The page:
I recently acquired an untested Macintosh SE/30 from Swedish eBay. It was a promising project as the seller stated that the battery was removed without signs of leakage. These machines are infamous for being damaged by leaky batteries. When I booted the machine I was presented a bright screen with horizontal lines, no beeps or signs of any OS.
Macintosh SE/30 recap
The second thing these machines are infamous for is leaky capacitors. So, time to open the machine and take a look inside! First, remove the reset / interrupt switch from the side of the machine. Then, use a long torx T-15 screwdriver and remove four torx screws from the back of the machine (see, link below). I did not own a long torx at the time, but ordered a 40 cm tool online. It was definately long enough!
Before removing the motherboard, the power cable, floppy and hdd cable and the little brown connector in the second image below need to be removed.
The mainboard of my machine was in good condition, albeit a bit dirty, as seen in the images below.
The recapping process is rather straightforward. The mainboard is populated with the following capacitors:
- 1x 1uf 50V (SMD)
- 10x 47 uf 16V (SMD)
- 1x 220 uf 16V (axial)
- 1x 470 uf 16V (axial)
I used regular electrolytic capacitors. A more fancy way of doing this is to use tantalum capacitors.
- The safest way to remove the capacitors I found was to “wiggle” them rather than trying to desolder them. When I was attempting to desolder a couple of capacitors, the pads got ripped from the board. This did not occur when using a pair of pliers to gently wiggle the capacitor back and forward until it released.
- The solder from the points of the two axial capacitors is difficult to remove. Instead, I heated the leg of these capacitors near the solder point, and used it to melt the solder by pushing it through these holes.
- If you use nailpolish as solder mask, it will turn into a chewing gum-like context if you clean the pcb in the dishwasher afterwards…
Now was also a good time to clean the rest of the machine. I gave it a proper bath.
Macintosh SE/30 horizontal lines repair
After the recap was done, the machine beeped and booted to OS, but the horizontal lines were still present.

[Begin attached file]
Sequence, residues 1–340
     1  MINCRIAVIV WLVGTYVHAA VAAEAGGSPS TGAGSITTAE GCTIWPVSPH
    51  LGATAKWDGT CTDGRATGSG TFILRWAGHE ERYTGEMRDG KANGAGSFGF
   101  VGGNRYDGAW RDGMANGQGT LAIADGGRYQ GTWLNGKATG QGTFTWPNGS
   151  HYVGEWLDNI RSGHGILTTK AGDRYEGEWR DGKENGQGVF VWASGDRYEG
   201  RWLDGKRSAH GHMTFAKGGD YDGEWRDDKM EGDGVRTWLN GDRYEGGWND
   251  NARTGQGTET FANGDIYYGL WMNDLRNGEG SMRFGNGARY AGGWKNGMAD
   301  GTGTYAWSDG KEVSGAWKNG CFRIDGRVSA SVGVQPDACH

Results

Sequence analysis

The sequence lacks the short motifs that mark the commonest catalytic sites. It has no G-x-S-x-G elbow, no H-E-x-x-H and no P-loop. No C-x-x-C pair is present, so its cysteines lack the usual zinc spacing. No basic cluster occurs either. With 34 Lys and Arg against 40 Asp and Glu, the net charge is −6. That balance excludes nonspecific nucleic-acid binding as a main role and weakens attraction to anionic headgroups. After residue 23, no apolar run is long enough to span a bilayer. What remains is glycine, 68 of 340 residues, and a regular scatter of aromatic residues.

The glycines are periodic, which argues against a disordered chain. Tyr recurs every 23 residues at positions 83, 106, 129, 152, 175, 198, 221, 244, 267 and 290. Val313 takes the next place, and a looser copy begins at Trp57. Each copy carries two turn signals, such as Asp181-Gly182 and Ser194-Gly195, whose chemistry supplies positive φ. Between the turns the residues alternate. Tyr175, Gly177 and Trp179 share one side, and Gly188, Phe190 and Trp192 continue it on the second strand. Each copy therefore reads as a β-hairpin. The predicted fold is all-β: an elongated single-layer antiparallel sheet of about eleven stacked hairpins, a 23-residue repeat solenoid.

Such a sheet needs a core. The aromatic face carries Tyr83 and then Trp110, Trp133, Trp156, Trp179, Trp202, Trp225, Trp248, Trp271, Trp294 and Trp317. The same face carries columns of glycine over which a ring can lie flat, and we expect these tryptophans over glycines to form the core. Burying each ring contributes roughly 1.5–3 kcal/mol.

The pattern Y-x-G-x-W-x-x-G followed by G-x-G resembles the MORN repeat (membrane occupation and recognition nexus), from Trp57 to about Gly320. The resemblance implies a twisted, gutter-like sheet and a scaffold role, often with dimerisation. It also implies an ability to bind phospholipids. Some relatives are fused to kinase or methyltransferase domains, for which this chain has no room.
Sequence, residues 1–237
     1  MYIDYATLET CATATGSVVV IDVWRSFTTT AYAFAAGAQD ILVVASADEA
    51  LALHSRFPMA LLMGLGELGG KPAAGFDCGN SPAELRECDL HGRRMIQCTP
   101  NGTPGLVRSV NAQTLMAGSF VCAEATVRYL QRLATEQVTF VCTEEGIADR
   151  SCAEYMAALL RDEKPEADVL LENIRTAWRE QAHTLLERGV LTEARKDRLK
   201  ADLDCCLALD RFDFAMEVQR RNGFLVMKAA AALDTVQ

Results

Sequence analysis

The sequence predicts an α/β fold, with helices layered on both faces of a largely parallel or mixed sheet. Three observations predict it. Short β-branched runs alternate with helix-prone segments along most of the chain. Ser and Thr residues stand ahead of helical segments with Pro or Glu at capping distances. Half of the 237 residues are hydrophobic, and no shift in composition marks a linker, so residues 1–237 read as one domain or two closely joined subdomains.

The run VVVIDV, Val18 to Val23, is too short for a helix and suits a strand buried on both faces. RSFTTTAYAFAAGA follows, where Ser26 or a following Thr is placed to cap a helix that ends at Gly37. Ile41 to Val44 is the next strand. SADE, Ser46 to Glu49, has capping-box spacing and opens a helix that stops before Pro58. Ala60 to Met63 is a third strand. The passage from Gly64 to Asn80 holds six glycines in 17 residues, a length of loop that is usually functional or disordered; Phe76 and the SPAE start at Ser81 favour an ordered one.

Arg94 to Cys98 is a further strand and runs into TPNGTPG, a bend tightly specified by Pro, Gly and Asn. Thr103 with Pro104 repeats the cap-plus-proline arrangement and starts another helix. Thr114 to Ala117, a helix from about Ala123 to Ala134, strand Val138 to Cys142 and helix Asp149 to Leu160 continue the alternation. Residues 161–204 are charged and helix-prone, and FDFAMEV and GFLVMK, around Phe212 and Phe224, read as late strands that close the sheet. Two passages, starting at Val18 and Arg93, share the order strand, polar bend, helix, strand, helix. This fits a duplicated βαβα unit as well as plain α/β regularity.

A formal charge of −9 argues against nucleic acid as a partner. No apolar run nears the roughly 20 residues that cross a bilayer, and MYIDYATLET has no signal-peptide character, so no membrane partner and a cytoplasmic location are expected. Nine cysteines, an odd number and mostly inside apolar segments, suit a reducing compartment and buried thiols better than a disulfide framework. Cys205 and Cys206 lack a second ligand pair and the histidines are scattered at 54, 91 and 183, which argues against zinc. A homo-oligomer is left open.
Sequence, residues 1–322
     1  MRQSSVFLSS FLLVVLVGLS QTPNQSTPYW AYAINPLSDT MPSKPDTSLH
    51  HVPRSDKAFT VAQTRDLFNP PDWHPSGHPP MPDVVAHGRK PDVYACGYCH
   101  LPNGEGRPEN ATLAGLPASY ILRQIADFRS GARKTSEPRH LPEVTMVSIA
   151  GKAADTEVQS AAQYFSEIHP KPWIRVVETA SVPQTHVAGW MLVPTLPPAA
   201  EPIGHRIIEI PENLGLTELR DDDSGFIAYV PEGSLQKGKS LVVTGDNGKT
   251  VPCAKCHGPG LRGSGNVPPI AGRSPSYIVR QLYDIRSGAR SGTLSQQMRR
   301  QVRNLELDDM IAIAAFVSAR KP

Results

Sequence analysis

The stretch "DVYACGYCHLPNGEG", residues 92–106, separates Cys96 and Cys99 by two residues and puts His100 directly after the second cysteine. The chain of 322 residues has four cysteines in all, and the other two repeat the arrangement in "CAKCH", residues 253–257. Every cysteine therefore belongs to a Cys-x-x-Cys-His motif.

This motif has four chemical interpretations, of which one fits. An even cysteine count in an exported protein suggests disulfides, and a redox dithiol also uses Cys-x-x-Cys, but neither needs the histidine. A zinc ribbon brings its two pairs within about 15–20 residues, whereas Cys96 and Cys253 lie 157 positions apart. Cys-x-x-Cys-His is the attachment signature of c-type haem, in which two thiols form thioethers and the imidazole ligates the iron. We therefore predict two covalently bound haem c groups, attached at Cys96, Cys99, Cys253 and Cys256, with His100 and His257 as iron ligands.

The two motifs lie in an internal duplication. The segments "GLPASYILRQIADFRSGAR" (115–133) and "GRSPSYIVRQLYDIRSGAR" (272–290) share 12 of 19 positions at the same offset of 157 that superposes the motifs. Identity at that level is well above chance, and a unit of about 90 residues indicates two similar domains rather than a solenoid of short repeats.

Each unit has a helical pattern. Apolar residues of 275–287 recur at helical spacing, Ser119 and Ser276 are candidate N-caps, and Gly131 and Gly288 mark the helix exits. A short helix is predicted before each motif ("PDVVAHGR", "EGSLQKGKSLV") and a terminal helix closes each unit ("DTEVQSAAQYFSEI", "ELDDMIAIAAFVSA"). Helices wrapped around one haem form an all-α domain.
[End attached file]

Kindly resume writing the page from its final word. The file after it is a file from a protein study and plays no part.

First step according to the internet wisdow was to check and clean all ROM and ROM sockets. So I did that. I removed the ram rom and video rom and cleaned the chips and slots with alcohol.
The problem persisted though. Here, I consulted the book “The Dead Mac Scrolls” (link below).
I attempted to adjust the cut-off resistor with a tiny screwdriver, but it did not help. Thus, it was time to dig in to the pcb that holds the R53 resistor: the analog board. However, https://bylenga.ddns.net/SE30%20repair.html#TakeApart also suggests replacing R20 and R21. If that does not work, replace resistor R25. If that does not work replace U1 IC chip (74LS38). If that does not work, replace transistor Q1 on the video board.
Disclaimer: The below procedure requires discharging the crt. I am not qualified to give advice on this, but if you are not familiar with this process, don’t try it! The crt holds a potentially hazardous charge!
To access the analog board I performed the following steps:
- Remove the screws at the side of the board (see, first image below).
- Remove the connectors between the board and the crt / rest of the machine.
- Remove the white board attached to the analog pcb by pincing the black plastic holders.
To desolder the resistors R20, R21 and R25 I used my desoldering gun. The process went ok, but afterwards I also noted that the traces on the pct were ripped. This is not a huge deal though since it is possible to use the legs of the resistors to connect to the nearby solder points. The resistors have the following values:
R20 100 KOHM 1/2W
R21 1MOHM 1/2W
R25 470 KOHM 1/2W
And that was it! Now, the machine starts as it should, and the horizontal lines are gone. Thus, a recap + replacement of the resistors did the trick!